6 March 2020
By Bryan Smyth
This is the first critical study of the seventeenth-century Boyle women and their surviving manuscript writings. Based on the recovery and analysis of the letters and private papers of the wife, daughters, daughters-in-law, and granddaughters of Richard Boyle (1566–1643), the first earl of Cork, this book examines how these women perceived and wrote their lives as individuals and as members of their famous family. The book explores the theme of identity through close readings of the extant texts from a number of perspectives: the figuration of Ireland; gender; the impact of civil war rupture; Protestantism; and legacy-making. This original showcasing of the Boyle women’s largely forgotten female-voiced texts further illuminates how these women used the occasion of family writing and record-keeping to develop self-presentation strategies which allowed them to situate their lives at the centre of the transformations which were taking place in early modern Ireland and Britain.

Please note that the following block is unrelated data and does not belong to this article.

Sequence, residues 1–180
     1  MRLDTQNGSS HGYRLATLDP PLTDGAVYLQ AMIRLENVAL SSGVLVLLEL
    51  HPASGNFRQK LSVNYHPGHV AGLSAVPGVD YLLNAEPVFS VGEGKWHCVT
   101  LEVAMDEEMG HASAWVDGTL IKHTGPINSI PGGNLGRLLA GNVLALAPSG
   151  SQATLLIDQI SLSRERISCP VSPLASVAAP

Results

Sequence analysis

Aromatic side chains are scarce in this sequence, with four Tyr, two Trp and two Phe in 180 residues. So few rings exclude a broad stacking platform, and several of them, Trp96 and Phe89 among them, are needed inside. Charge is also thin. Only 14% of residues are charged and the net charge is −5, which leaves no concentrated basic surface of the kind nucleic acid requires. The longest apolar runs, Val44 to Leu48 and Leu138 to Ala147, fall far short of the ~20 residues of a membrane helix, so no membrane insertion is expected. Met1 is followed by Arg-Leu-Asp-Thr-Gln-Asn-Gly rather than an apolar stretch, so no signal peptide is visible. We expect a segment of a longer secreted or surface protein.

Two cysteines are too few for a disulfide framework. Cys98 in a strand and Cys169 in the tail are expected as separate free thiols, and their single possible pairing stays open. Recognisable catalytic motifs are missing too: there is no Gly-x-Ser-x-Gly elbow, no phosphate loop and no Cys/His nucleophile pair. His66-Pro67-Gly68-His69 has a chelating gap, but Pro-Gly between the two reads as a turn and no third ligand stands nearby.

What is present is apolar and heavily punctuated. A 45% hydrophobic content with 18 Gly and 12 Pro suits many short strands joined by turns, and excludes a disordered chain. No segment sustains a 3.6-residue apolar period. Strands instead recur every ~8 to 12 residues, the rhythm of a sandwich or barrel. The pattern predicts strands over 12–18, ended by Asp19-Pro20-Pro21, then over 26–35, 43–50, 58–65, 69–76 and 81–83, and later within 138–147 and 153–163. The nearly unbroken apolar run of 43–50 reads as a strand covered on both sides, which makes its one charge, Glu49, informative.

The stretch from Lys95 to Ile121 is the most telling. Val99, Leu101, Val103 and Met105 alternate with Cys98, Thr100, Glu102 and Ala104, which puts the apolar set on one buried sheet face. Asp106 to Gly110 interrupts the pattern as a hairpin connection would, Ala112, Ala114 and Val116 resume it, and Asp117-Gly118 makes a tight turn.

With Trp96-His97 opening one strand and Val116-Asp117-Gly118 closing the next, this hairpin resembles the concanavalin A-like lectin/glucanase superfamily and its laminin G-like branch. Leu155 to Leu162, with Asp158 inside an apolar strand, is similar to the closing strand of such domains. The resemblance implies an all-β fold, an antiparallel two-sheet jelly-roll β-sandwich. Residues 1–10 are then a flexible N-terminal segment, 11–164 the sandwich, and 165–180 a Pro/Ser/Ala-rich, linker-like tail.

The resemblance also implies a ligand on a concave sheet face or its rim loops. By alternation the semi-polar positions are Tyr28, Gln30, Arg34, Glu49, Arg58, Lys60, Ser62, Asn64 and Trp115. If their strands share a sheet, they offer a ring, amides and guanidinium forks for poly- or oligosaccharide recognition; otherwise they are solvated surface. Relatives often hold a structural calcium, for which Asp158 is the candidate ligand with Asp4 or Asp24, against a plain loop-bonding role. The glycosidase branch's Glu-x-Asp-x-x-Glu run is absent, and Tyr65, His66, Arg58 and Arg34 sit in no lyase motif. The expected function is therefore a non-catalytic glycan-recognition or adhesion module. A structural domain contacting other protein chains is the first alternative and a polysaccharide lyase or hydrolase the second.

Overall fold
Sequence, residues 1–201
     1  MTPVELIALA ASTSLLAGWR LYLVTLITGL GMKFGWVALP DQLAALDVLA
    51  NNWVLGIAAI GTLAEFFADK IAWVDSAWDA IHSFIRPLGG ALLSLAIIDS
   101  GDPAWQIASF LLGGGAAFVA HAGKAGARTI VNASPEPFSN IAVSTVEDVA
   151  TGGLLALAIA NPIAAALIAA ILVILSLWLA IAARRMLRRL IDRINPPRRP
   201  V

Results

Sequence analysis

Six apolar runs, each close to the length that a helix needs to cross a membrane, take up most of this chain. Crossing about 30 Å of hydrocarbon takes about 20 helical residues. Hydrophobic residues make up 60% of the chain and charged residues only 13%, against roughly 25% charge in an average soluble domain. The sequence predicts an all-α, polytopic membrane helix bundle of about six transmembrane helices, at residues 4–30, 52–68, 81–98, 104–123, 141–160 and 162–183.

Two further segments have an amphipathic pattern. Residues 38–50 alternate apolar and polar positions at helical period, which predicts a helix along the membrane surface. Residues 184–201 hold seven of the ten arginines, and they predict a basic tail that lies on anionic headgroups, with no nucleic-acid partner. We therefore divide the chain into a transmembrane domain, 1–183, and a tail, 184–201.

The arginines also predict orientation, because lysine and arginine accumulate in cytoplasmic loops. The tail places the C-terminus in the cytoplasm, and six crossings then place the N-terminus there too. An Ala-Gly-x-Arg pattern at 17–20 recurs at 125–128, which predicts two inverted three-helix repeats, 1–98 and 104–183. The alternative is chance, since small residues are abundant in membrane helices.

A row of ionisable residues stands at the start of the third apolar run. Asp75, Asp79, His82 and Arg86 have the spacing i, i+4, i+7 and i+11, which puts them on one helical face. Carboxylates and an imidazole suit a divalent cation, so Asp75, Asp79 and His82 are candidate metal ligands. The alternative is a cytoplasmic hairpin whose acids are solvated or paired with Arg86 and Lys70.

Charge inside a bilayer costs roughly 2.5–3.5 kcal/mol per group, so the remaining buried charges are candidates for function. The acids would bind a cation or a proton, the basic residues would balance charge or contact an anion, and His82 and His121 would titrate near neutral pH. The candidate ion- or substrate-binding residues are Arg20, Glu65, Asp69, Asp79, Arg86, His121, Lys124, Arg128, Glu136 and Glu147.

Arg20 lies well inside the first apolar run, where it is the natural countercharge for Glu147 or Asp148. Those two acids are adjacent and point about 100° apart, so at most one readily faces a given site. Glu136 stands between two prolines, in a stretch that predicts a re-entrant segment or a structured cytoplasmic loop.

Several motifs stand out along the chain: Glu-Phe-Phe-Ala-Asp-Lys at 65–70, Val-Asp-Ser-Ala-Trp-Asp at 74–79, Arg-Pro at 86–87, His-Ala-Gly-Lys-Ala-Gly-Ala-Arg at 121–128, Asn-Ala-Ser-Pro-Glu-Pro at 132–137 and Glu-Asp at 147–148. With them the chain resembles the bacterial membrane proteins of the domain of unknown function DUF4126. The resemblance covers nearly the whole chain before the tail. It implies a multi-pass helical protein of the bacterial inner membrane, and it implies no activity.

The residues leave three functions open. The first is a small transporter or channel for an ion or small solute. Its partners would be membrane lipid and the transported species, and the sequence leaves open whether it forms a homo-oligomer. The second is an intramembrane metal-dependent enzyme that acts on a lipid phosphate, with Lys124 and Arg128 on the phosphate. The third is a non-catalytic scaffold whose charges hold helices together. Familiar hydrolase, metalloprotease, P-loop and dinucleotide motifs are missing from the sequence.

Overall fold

The author, Ann-Maria Walsh, is originally from Cork and now teaches in the School of English, Drama and Film at University College Dublin.
Publisher: Four Courts Press.
Pages: 208pp. Hardback. Colour Ills.
Available: 6th March 2020